Before Stringer made up his mind on what program he’d commit to, his Harding Raiders won the state title in his junior season in 1990.
Stringer showed everybody why he was one of the most highly acclaimed linemen in the state as a senior when he earned consecutive All-State honors.
Unfortunately, those accolades never soothed the painful memories of the Raiders’ tumultuous 1991 season. They fell out of playoff contention a year after they won the state title.
That painful memory lingered in Korey Stringer’s mind well into his NFL career. He always thought about it, per Esquire.
When Stringer’s high school football career ended, he decided to remain in-state and commit to the Ohio State Buckeyes. The school’s proximity—Columbus was just a two-hour drive from Warren—made Stringer’s decision easier.
Stringer evolved into one of the best offensive linemen in the college football ranks in the next phase of his gridiron journey.
College Days With the Ohio State Buckeyes
Korey Stringer attended Ohio State University from 1992 to 1994. He suited up for Ohio State Buckeyes head football coach John Cooper.
Stringer made an immediate impact for the Buckeyes. Cooper named him one of his starting offensive linemen just three games into his freshman season in 1992.
Ohio State had an 8-3 win-loss record during Korey Stringer’s first college football season. Unfortunately, the 15th-ranked Buckeyes fell to the eighth-ranked Georgia Bulldogs in the 1993 Citrus Bowl, 21-14.
Nevertheless, Stringer earned Big Ten Co-Freshman of the Year honors in 1992.
He continued his ascent in the college football ranks in his sophomore season. With Stringer as one of the pillars of the Buckeyes’ offensive line, Ohio State had a 10-1-1 record in 1993.
Stringer helped open up holes for senior running back Raymont Harris in 11th-ranked Ohio State’s 28-21 triumph over the BYU Cougars in the 1993 Holiday Bowl.
Harris, who finished with an impressive 235 rushing yards and three touchdowns, shared 1993 Holiday Bowl MVP honors with BYU Cougars quarterback John Walsh.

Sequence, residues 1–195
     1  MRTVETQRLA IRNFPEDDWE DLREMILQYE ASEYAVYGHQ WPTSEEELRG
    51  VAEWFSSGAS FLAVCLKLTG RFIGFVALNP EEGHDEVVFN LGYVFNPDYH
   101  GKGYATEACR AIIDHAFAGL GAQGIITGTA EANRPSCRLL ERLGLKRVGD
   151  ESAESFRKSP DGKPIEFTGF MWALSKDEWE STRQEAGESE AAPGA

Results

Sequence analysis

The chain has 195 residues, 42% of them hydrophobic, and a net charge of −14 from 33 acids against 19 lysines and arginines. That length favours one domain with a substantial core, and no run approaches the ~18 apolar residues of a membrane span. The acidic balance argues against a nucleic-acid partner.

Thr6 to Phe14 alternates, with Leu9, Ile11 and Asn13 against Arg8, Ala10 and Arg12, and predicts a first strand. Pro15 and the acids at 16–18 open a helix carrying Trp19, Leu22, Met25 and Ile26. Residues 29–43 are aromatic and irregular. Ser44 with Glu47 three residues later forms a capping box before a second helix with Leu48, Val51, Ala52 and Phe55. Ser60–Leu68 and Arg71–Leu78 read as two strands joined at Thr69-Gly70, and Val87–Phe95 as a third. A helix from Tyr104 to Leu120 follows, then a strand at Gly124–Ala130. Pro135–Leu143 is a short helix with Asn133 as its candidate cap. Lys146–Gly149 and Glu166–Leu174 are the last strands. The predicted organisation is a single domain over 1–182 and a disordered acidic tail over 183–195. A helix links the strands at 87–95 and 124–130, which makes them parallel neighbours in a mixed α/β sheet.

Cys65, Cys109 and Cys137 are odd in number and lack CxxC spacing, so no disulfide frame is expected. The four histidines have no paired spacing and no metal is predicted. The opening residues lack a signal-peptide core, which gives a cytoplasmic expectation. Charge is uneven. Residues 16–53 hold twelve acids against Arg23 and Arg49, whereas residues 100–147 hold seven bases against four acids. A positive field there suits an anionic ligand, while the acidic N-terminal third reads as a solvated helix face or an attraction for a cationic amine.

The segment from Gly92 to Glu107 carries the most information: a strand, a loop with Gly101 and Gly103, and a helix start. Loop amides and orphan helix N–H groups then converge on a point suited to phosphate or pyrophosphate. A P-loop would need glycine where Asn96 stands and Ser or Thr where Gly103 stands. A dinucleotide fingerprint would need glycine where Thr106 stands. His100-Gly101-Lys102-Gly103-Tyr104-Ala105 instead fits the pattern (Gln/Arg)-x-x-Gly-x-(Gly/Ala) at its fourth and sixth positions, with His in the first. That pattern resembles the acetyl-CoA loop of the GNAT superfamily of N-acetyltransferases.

For his part, Korey Stringer earned the first of his two consecutive Big Ten Offensive Linemen of the Year awards.
The Buckeyes won nine games during Stringer’s junior campaign in 1994. They made their second Citrus Bowl appearance in three seasons. Regrettably, 13th-ranked Ohio State lost to the 6th-ranked Alabama Crimson Tide, 24-17.
It turned out to be Korey Stringer’s final college football game. After Stringer earned Consensus All-American honors following the 1994 NCAA season, he decided to forego his final year of eligibility and declare for the 1995 NFL Draft.
During Stringer’s college days in Ohio’s state capital, he had a good track record with girls on campus. He also met his future wife Kelci when he played for the Buckeyes football team. They had an on-again, off-again relationship when they were in college, per Esquire.
Korey Stringer was continuing to evolve into a fine offensive lineman when he entered the professional ranks in 1995. He became an integral part of a Minnesota Vikings squad that enjoyed one of its finest stretches in franchise history at the turn of the 21st century.
Pro Football Career
The Minnesota Vikings made Korey Stringer the 24th overall selection of the 1995 NFL Draft.
By the time the 1995 NFL Scouting Combine in Indianapolis, IN had kicked off, 6’4″ Korey Stringer weighed 348 pounds, per Laskas.
Stringer’s girlfriend Kelci assisted his mother at a draft party she hosted in Ohio. Both Cathy and Kelci hoped the Miami Dolphins or some other team whose city offered various temptations didn’t draft Korey. Both of them knew he would eventually succumb to temptation if that were the case.